My black wool matelasse (wool-nylon blend from Mood), outfit is done, done, and done. You already saw the blouse I made to go with it. The fabric is super interesting - not nearly as wooly as a wool bouclé, but not smooth like a rayon-poly or cotton matelasse or jacquard. It's a solid black, but the shiny parts reflect light, making them appear greyer in photos, which creates tons of texture. It looks flocked, but isn't: that texture is created by thick wooly threads woven right in.
I chose Vogue 7975, as I'd just "revised" my red bouclé Chanel jacket, so the pattern was at hand. I'd used it twice before, for the red Chanel, and also my brown-shot-with-blue-and-gold cashmere one. This time, I was determined to see if I could finally and once for all make it my own, turn it into a TNT straight out of the envelope.
Hah! Does the phrase "hoist by her own petard" (see bottom of post for the ultimate example) say anything to you? Influenced by a friend (yes I'm looking at YOU, you know who you are!!!), I decided to make a petite alteration above the bust. It's a salutary tale of two different bodies: for her, a perfect move. For me, not so great. What it did was make the armscye tight, and I had to enlarge it back to its original size. I'm slowly coming to the realization that the correct petite alteration for me - I do need it, since I'm a shortie - is just below the armscye, across the back to the side seam and tapering to nothing at the bust point. N-e-e-e-e-xt time.....
Successful alterations, anyone? I wanted a working and visible sleeve vent, so split the upper sleeve in half. I also wondered about Claire Shaeffer's new Chanel jacket variation, V8804, in which she places the front upper sleeve on a slight bias. So I did that too:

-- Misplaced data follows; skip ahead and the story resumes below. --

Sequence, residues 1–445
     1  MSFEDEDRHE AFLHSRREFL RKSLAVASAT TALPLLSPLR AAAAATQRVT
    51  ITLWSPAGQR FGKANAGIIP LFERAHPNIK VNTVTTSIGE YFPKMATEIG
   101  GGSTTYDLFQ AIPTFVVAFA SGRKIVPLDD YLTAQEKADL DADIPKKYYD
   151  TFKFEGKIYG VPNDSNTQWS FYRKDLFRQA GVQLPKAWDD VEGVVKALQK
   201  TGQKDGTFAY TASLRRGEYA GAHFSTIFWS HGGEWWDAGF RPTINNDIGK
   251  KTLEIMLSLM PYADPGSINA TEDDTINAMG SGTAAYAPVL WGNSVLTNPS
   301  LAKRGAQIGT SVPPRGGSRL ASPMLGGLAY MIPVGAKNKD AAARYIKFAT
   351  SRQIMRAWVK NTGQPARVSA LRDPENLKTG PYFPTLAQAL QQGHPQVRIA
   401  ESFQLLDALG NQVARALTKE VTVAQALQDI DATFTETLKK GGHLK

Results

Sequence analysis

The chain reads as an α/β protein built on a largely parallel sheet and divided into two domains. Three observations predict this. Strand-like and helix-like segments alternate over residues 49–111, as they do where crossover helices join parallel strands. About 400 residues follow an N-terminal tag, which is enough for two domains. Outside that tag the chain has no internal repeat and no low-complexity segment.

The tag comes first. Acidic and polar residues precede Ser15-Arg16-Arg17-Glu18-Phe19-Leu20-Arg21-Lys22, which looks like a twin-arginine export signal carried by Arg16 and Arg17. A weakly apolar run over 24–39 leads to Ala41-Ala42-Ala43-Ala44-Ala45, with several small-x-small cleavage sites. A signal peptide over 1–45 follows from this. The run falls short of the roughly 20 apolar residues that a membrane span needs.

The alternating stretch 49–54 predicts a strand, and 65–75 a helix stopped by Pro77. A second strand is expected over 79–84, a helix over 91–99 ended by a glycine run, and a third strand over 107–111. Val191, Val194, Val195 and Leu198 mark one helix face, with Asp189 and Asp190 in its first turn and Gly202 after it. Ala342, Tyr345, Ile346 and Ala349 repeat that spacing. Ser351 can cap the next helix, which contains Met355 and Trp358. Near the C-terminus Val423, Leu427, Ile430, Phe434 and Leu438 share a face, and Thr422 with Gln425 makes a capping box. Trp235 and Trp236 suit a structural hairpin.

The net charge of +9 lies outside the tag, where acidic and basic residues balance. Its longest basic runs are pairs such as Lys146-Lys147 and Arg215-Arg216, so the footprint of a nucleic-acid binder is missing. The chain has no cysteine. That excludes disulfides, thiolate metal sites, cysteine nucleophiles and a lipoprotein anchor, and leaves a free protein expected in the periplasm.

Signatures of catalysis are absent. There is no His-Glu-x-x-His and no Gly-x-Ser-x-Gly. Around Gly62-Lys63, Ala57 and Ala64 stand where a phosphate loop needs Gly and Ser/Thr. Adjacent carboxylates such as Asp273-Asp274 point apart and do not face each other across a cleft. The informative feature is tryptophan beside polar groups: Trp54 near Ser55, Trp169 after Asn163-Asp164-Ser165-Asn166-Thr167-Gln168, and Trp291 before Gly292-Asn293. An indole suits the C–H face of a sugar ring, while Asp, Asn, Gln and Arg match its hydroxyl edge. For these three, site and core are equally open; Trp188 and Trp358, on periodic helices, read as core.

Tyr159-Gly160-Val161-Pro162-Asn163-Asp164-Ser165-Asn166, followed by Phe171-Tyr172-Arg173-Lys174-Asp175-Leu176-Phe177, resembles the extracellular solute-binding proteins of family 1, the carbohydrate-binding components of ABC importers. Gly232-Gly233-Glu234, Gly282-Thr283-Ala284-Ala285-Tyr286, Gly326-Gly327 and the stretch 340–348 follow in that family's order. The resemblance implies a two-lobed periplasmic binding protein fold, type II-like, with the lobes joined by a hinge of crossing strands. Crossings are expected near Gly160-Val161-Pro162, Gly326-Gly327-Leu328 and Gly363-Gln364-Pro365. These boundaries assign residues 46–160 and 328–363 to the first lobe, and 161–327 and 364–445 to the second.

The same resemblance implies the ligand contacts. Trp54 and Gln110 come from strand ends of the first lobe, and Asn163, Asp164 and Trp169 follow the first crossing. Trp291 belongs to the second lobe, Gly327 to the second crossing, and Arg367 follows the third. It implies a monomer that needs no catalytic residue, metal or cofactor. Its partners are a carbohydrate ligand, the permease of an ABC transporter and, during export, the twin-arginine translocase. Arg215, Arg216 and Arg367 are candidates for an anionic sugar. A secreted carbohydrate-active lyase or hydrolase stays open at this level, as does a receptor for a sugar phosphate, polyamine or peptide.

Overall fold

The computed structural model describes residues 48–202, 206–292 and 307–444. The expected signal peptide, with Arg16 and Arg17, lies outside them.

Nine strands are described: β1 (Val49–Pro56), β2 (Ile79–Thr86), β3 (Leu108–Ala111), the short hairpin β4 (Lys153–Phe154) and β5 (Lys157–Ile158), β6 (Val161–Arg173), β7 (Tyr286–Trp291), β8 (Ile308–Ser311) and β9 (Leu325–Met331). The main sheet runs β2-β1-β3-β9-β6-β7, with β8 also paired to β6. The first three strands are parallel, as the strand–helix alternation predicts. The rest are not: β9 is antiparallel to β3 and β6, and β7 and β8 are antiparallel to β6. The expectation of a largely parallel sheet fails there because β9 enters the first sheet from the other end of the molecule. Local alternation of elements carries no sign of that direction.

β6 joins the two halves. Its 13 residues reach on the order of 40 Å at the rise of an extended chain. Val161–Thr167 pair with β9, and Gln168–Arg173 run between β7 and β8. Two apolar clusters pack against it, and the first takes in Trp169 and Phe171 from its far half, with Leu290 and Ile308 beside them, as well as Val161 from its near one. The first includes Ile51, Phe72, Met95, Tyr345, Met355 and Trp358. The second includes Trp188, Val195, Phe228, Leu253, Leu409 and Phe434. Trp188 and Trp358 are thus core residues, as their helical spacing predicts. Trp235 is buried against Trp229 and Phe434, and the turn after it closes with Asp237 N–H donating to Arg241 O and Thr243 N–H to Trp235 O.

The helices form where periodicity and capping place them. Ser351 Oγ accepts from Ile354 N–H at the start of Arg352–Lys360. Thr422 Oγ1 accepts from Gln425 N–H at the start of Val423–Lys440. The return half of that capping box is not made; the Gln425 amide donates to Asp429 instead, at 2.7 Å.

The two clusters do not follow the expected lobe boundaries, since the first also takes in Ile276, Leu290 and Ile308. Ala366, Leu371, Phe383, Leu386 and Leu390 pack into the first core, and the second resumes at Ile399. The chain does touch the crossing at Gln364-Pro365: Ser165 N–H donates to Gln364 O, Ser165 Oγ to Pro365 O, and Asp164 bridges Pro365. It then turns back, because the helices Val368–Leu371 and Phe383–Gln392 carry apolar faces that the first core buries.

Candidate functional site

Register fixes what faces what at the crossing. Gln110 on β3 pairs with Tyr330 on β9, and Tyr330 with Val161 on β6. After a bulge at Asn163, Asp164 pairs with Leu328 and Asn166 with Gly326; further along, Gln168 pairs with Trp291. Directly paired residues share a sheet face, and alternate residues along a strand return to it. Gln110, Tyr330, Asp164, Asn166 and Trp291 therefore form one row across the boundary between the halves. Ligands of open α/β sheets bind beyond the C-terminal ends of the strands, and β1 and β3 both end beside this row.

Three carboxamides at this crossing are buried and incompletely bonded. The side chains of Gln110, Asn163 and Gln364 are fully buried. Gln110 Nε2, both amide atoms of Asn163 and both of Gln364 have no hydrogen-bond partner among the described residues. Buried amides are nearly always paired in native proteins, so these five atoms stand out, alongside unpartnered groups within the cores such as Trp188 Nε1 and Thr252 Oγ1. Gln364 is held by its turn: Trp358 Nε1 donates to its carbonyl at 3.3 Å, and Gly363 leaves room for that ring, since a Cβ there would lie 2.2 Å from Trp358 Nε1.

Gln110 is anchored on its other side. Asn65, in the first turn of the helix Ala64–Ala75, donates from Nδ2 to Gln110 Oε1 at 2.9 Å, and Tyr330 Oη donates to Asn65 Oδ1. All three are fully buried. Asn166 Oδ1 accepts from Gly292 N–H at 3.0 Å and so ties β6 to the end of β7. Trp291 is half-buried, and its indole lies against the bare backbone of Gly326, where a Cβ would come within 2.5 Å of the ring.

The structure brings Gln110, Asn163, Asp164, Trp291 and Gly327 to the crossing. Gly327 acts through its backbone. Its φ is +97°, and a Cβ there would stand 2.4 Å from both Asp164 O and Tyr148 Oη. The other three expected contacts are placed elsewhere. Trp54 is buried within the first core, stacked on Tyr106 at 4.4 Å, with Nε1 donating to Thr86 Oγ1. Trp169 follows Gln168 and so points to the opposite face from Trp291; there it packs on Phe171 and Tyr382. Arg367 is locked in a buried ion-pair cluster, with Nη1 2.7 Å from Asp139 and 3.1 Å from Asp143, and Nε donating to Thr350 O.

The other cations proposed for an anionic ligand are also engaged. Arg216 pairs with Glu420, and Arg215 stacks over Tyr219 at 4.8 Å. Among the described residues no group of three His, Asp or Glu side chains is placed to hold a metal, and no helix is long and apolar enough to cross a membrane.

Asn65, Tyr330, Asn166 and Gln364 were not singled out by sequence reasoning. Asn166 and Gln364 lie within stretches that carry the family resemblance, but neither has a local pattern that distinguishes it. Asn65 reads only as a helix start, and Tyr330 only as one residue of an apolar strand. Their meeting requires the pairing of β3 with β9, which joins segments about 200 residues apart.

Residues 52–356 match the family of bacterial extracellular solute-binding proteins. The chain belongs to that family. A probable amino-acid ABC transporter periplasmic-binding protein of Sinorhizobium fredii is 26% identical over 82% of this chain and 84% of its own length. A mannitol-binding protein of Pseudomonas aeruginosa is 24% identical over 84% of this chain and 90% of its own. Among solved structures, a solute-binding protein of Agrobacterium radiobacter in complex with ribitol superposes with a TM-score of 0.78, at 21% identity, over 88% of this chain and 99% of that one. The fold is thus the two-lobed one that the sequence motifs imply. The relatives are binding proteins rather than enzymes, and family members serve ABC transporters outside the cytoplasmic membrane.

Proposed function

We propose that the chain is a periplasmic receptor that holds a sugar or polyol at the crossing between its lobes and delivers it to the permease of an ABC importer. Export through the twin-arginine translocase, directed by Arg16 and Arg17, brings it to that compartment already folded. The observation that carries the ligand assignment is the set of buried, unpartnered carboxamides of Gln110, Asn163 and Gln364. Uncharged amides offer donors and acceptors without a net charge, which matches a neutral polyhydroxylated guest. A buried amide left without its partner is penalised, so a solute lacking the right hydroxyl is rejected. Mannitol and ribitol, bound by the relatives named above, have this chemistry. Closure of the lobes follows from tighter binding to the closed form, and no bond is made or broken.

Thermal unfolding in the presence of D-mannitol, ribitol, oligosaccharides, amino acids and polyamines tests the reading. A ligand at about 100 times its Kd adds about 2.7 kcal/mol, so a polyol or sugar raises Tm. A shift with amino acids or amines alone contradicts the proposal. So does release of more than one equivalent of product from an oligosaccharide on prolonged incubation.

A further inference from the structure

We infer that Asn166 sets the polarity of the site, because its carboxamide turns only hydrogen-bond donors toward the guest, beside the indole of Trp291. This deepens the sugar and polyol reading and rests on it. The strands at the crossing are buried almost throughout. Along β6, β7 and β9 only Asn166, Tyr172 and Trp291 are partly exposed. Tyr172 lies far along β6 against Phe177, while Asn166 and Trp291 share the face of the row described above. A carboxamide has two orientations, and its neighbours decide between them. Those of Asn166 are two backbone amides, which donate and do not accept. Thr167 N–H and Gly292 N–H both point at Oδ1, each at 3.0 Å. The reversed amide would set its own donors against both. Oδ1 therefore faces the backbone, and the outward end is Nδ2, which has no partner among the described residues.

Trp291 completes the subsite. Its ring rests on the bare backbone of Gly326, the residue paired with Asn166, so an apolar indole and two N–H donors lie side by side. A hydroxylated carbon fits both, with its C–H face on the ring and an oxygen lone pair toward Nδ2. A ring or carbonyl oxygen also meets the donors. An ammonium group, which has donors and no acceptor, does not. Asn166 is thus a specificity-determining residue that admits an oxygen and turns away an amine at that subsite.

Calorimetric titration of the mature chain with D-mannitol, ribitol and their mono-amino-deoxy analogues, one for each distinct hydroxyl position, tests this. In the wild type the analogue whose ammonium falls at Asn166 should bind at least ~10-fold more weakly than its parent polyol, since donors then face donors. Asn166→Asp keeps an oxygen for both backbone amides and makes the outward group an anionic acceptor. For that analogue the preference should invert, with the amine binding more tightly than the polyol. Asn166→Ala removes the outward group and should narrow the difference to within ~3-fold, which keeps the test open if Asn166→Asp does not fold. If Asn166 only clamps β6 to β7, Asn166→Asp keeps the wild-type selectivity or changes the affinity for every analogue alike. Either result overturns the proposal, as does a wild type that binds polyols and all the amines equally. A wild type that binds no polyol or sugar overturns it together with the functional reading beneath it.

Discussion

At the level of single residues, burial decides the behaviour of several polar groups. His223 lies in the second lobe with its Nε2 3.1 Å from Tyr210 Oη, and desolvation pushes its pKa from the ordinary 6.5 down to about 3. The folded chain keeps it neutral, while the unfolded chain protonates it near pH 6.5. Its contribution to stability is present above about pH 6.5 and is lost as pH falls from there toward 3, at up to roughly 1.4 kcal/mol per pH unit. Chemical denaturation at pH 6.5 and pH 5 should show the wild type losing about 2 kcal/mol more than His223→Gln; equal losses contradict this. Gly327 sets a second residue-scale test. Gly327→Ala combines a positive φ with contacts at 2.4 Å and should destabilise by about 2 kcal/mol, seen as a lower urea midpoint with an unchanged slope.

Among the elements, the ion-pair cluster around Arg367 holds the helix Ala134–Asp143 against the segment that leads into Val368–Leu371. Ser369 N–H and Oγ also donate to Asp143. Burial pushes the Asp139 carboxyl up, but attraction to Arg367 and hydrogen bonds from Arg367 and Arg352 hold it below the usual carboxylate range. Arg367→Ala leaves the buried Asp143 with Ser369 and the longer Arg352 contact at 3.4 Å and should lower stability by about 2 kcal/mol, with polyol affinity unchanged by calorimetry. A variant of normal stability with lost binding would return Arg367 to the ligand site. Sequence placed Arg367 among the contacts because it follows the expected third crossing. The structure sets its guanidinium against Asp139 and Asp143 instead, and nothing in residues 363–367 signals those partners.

I don't think that made any functional difference to the sleeve, but then again, it did no harm either. In a typical even patterned or tweedy fabric it would offer a nice bias textural variation, but in this fabric it was invisible.
To modernize the jacket a tad and distance myself from the suspicion that I used home dec fabric (quel horreur!), I used leather-look snaps on the sleeve vents plus one at CF waistline:
|Look Ma, no buttonholes! But quite a bit of laborious hand sewing instead....|
A good black skirt is a perfect basic, wearable with anything and everything.
One more thing? Did you notice the collar on my jacket? But.... V7975 doesn't have one. Right. The collar's a bit of an afterthought. Originally, the jacket was meant to be collarless, with Chanel-like trim. Midway through construction I decided the fabric pattern wouldn't lend itself to trim, being already very busy. So, I grabbed the collar from my fave Chanel-like pattern, New Look 6516. And added self fabric front facings instead of lining to the edge. Done!
All told, 2.5 yards of fabric, 3 yards of silk charmeuse (jacket lining and matching blouse), 0.75 m of black rayon lining for the skirt, all from the stash. For a change and a softer silhouette, I omitted shoulder pads this time.
And here, as promised, is the ultimate of being hoist by your own petard, the final few seconds of Dr. Strangelove (Or How I Learned to Love The Bomb), with the voice of the incomparable Dame Vera Lynn:
This clip gives you the whole "Kong Rides the Bomb" final segment of the movie, with a very young James "The Amazing Voice" Earl Jones at the controls, instantly recognizable once he speaks.